2nd commandment issue is iffy. Don't make for yourselves graven images. This was for the danger of worshipping the image as God or as a replacement for the one true God. Now if they end up worshipping that picture then we have issues but I don't think showing a picture of Jesus is a sin.

  3. dr. robin dugall September 28, 2009 at 12:58 pm #

    what really needs to happen is this – children need NOT to watch video presentations but need to SEE and experience the love, mercy and Kingdom life in their parents…real and authentic followership in Jesus in a relationship…in a contemporary incarnation…most people forget that the bible itself talks about people who experienced God WAY BEFORE they decided to write the narrative down. In addition to that, this video doesn't get the story right…don't start with Genesis 3…start with Genesis 1 and 2 and God's desire to be in relationship with us. There are other issues but not worth getting picky about…mostly the assumption about children and how to "get" the issue of salvation is misguided!

  4. Anna Wood September 28, 2009 at 4:21 pm #

    I appreciate the heart behind wanting to bring children to Christ. We need to remember, however, that converts to Christ in the Bible were not little kids. They might be youths (as in Timothy) but were old enough to be able to understand sin and the cross. Salvation comes by hearing the Word (and understanding the Word), repenting of being a sinner (I've seen people who repented not of being a sinner but of the pain that sin has caused them), and coming to Christ. We die and become a new creature in Christ. It is doubtful that a very little kid can get that. God hates sin (not just what it does to us but the fact that it is an affront to His holiness.) God is usually presented as a lover longing for His lost beloved to come to Him. God isn't waiting and hoping that we might turn an eye to Him. He is God. He needs to be reveranced as such. He does love us. The cross proves that. It is His love that allowed Jesus to die. However, His isn't a weak, longing kind of love. He isn't just waiting, longing, hoping that we will notice Him. We need Him. He is complete without us.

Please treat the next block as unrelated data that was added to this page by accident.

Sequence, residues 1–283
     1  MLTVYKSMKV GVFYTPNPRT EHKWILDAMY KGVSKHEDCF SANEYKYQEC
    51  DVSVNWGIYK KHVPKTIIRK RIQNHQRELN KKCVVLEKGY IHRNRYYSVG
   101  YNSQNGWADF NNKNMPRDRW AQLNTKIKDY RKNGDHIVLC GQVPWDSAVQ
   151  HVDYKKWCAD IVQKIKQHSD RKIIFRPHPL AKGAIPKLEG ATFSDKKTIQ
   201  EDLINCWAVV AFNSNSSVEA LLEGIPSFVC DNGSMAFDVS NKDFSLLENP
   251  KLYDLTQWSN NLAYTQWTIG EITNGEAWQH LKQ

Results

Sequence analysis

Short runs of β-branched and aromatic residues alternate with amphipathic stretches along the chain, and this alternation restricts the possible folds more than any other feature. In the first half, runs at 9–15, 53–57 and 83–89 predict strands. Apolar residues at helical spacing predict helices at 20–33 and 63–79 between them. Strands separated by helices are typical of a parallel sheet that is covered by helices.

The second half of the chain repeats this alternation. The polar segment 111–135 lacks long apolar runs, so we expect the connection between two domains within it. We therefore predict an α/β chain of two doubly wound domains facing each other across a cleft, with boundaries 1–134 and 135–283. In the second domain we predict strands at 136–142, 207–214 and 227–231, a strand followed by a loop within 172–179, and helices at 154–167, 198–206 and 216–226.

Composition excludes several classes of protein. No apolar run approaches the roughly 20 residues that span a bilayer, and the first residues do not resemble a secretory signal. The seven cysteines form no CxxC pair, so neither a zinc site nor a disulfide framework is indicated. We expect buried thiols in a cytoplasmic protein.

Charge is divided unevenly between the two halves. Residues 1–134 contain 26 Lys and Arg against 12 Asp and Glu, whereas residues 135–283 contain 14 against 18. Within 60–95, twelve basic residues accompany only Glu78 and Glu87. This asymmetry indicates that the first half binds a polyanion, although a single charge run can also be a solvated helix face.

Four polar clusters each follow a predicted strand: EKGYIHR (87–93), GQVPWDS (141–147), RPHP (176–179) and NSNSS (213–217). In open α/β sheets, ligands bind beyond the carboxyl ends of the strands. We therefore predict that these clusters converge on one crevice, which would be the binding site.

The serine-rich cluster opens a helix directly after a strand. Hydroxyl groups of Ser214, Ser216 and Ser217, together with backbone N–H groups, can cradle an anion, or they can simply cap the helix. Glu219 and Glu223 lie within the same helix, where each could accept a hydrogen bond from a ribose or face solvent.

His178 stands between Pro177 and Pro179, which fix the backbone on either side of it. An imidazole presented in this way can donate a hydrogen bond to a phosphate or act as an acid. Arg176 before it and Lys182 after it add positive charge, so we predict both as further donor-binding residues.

5. Matt September 29, 2009 at 2:35 am #

    I've seen this a few places and I'd like to respond to this video from two different perspectives. From a theological perspective, I think there are four things that we have to include when we tell share the good news (1 Corinthians 15:1-11): The person of Jesus Christ, the plan of salvation, the proofs of the faith, and a personal story of life change. The video does a fairly decent job of the first two things and maybe the third isn't that important for kids, but it lacks the story of life change. This is fundamental because it shows us that these are not just a set of religious beliefs, but something real and active. In this case, the method takes away from the message.
    From a creative point of view, I know that the video took countless hours to produce. It's great. It's fun. It's a cartoon. It's not amazing. But I applaud the effort.